In a new study, researchers found chronic sleep loss due to insomnia is strongly linked to memory problems and cognitive issues.
The harmful effect strongly exists in people aged 45 and over.
The research was conducted by a team from Concordia University.
Chronic insomnia disorder affects about 10% of adults in the world. It is one of the most common sleep disorders.
Patients usually have trouble falling asleep or staying asleep at least three nights a week for over three months with an impact on daytime functioning such as mood, attention, and daytime concentration.
Previous research has shown links between insomnia and cognitive problems.
However, these studies were mainly conducted on a limited number of patients suffering from insomnia, and the results are not always consistent from study to study.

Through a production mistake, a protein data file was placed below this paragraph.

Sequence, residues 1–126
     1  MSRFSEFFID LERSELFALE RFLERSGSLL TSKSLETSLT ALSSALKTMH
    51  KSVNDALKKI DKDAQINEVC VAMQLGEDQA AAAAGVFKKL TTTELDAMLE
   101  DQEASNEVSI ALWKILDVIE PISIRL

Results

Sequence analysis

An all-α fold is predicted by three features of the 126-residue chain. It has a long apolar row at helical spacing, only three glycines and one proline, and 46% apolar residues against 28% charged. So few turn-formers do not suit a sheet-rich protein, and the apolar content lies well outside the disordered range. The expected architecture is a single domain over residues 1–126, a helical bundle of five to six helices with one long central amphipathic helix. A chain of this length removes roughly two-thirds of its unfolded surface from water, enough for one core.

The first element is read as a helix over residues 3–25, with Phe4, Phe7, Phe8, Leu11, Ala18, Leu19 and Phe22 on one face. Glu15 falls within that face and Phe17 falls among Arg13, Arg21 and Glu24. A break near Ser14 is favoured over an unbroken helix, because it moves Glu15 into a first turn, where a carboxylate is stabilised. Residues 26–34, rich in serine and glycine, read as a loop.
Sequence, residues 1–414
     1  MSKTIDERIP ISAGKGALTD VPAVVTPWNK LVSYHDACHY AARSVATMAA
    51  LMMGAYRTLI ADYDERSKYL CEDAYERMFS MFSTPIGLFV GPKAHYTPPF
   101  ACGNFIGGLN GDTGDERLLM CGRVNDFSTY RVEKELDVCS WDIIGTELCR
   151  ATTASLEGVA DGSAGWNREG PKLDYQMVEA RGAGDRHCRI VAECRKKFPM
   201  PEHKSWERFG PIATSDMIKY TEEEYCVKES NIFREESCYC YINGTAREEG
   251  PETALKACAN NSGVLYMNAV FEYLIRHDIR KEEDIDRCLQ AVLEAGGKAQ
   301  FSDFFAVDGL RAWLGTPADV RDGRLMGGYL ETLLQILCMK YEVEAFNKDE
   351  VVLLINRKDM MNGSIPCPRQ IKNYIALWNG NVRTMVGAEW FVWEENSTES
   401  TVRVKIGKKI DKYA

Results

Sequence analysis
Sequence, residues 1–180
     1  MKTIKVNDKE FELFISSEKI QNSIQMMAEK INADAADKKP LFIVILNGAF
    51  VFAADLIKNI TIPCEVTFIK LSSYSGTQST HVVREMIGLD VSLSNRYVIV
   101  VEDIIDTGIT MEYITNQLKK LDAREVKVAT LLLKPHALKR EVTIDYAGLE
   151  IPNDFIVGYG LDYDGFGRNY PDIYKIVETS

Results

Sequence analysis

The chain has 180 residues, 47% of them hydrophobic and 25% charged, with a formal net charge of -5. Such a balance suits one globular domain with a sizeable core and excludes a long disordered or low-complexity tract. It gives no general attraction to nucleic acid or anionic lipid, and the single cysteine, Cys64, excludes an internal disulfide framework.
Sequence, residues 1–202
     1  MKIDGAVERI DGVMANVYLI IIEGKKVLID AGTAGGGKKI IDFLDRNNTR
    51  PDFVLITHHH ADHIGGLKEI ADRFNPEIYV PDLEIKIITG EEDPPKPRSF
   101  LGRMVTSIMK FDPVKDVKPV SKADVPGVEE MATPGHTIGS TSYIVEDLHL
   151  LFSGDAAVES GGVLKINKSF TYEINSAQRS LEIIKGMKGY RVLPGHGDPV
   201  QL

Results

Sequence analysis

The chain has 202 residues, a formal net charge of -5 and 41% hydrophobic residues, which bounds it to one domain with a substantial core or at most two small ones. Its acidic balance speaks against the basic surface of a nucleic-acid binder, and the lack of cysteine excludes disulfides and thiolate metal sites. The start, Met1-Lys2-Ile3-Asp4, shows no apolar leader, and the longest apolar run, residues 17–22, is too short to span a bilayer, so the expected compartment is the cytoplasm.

In addition, chronic insomnia is often linked to other health issues such as anxiety or chronic pain that can also affect cognitive function.
This makes it difficult to determine the direct effect of insomnia on these cognitive problems.
In the study, the team analyzed sleep data from the pan-Canadian cohort of the Canadian Longitudinal Study on Aging.
They examined data from 28,485 participants aged 45 and over who come from many cities across Canada, including Montreal.
They found that people in the chronic insomnia group performed much worse on the memory tests compared to those from the other two groups.
The main type of memory affected was declarative memory—the memory of items and events.
The team suggests that the harmful effect was strong even after accounting for other factors.
Future work needs to better understand this relationship between poor sleep and cognitive problems.
The study leader is Dang-Vu, an associate professor in the Department of Health.
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